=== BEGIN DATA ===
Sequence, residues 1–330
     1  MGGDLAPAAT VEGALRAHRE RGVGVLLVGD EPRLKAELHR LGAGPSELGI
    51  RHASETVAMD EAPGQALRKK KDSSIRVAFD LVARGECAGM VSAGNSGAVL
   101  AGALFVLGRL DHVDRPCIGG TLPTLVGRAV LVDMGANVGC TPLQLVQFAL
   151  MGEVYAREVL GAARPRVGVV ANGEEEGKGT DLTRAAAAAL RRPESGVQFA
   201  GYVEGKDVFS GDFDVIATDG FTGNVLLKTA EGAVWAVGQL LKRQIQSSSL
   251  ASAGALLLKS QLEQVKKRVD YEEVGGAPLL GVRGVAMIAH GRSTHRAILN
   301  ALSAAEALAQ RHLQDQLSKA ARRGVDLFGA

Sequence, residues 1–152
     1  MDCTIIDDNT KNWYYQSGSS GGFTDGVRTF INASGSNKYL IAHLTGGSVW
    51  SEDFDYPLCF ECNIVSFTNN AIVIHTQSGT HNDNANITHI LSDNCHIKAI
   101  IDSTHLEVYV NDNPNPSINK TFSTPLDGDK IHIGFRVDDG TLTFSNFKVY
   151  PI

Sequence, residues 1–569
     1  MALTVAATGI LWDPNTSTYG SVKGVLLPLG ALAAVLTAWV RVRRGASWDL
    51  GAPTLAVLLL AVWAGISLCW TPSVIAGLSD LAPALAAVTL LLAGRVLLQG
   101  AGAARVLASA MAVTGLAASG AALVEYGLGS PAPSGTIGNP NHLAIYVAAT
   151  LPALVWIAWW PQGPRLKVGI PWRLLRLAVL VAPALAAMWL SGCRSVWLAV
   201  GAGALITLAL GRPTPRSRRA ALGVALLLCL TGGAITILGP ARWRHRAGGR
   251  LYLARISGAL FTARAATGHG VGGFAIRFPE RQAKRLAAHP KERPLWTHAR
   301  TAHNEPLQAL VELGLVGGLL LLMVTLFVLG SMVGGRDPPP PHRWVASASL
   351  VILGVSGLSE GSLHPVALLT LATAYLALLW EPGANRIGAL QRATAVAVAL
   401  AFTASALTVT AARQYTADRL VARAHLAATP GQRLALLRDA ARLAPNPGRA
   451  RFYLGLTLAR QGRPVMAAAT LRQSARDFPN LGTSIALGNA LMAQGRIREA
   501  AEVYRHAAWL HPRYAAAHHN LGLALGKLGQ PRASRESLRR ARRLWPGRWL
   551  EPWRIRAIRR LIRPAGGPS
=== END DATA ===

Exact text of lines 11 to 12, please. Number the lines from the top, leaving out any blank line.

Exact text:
    51  SEDFDYPLCF ECNIVSFTNN AIVIHTQSGT HNDNANITHI LSDNCHIKAI
   101  IDSTHLEVYV NDNPNPSINK TFSTPLDGDK IHIGFRVDDG TLTFSNFKVY